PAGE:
A New York state court on Thursday suspended Donald Trump's personal lawyer Rudy Giuliani from practicing law. Giuliani, the former mayor of New York City, had peddled false and misleading comments over widespread voter fraud on behalf of Trump, who lost the 2020 presidential election.

"We conclude that there is uncontroverted evidence that respondent communicated demonstrably false and misleading statements to courts, lawmakers and the public at large in his capacity as lawyer for former President Donald J. Trump and the Trump campaign in connection with Trump's failed effort at reelection in 2020," read the 33-page New York Supreme Court's appellate division's decision.

Giuliani, 77, claimed without evidence that voter fraud was prominent in Georgia, citing without evidence that voting machines were rigged.

"We conclude that respondent's conduct immediately threatens the public interest and warrants interim suspension from the practice of law, pending further proceedings," the decision read.

In January, voting machine company Dominion Voting Systems sued Giuliani and others for more than $1.3 billion in a defamation suit.

Giuliani, who once served as the U.S. Attorney for the Southern District of New York, is also under federal investigation for potential violations of foreign lobbying laws related to his work tied to Ukraine.

Giuliani's lawyers, John Leventhal and Barry Kamins, said in a statement that they "are disappointed with the Appellate Division, First Department's decision suspending Mayor Giuliani prior to being afforded a hearing on the issues that are alleged. This is unprecedented as we believe that our client does not pose a present danger to the public interest. We believe that once the issues are fully explored at a hearing Mr. Giuliani will be reinstated as a valued member of the legal profession that he has served so well in his many capacities for so many years."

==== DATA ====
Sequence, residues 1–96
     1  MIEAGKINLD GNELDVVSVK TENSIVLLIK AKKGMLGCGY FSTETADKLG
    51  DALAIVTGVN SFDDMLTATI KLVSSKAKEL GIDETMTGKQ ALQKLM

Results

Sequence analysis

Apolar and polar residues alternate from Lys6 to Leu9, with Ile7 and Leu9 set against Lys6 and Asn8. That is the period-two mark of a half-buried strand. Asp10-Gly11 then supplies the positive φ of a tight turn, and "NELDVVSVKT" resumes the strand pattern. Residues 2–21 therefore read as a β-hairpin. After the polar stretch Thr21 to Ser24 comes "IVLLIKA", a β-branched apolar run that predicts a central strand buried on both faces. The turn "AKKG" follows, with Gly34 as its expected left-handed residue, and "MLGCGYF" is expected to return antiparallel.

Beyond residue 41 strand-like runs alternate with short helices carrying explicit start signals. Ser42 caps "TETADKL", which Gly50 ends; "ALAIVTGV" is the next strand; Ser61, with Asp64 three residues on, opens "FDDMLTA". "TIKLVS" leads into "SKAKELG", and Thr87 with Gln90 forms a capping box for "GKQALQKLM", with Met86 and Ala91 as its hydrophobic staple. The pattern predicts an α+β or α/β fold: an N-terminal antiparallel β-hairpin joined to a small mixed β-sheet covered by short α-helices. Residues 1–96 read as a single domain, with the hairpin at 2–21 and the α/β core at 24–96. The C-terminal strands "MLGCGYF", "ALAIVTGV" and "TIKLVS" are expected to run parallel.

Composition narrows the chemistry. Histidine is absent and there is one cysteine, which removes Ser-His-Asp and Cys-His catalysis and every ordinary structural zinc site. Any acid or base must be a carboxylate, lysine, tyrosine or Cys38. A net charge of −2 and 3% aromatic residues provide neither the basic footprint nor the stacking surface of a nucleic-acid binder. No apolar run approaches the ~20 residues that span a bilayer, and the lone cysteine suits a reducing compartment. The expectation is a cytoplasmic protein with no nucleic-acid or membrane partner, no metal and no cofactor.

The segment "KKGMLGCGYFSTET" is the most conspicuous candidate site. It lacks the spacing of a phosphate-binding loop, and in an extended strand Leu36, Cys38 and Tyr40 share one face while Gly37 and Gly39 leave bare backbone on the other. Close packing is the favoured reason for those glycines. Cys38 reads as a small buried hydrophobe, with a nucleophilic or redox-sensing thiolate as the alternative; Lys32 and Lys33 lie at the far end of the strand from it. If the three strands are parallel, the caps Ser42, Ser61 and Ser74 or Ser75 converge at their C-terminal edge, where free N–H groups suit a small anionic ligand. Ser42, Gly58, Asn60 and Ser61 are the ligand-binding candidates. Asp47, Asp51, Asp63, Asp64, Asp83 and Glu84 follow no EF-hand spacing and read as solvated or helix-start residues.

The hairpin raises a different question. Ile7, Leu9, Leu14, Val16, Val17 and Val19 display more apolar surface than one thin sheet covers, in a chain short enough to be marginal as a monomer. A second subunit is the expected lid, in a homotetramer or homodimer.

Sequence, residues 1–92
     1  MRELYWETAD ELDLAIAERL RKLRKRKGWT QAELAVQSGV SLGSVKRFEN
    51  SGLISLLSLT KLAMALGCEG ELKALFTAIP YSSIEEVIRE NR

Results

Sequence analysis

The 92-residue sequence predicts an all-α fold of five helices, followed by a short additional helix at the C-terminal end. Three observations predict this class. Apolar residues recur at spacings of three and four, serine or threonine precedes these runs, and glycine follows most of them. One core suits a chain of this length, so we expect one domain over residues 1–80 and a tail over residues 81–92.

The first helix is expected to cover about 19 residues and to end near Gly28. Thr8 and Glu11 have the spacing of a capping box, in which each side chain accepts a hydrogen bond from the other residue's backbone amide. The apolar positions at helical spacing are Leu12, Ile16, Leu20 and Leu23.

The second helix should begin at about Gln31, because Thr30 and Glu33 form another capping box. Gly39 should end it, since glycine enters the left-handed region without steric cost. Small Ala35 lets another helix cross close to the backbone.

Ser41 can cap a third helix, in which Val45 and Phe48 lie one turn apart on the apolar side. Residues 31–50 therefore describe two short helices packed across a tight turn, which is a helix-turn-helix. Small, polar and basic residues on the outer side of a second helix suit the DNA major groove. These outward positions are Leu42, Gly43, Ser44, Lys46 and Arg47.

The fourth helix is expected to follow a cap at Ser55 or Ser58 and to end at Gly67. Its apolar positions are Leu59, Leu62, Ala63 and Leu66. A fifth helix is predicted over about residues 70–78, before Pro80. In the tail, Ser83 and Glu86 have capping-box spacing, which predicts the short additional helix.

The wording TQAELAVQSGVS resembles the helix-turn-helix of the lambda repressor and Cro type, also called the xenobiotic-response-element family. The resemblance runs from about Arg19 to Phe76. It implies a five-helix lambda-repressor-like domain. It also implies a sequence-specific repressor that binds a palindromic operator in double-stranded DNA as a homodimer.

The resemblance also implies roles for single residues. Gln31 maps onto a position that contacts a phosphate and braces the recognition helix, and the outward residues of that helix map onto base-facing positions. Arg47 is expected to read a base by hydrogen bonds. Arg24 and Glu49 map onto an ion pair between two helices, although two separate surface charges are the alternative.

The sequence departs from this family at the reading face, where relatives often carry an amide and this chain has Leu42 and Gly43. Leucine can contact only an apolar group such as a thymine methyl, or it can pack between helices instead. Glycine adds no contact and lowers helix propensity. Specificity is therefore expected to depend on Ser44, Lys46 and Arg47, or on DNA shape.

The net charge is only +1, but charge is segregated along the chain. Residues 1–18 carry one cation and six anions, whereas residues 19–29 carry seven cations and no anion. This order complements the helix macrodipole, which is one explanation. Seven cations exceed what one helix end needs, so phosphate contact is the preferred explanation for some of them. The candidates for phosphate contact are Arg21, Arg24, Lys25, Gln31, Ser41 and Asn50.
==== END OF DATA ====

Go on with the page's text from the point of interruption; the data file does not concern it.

According to the court’s ruling, Giuliani admitted that some of the statements he made were untrue but claimed he didn't knowingly make false statements. He failed to prove sources for claims about the 800 to 6,000 dead people, he alleged voted in Georgia in the 2020 election.

"We find that there is evidence of continuing misconduct, the underlying offense is incredibly serious, and the uncontroverted misconduct in itself will likely result in substantial permanent sanctions at the conclusion of these disciplinary proceedings," the decision read.

"The seriousness of respondent's uncontroverted misconduct cannot be overstated," the court concluded. "This country is being torn apart by continued attacks on the legitimacy of the 2020 election and of our current president, Joseph R. Biden. The hallmark of our democracy is predicated on free and fair elections. False statements intended to foment a loss of confidence in our elections and resulting loss of confidence in government generally damage the proper functioning of a free society."

The court also found that Giuliani continued to make false statements since the application for suspension of his license.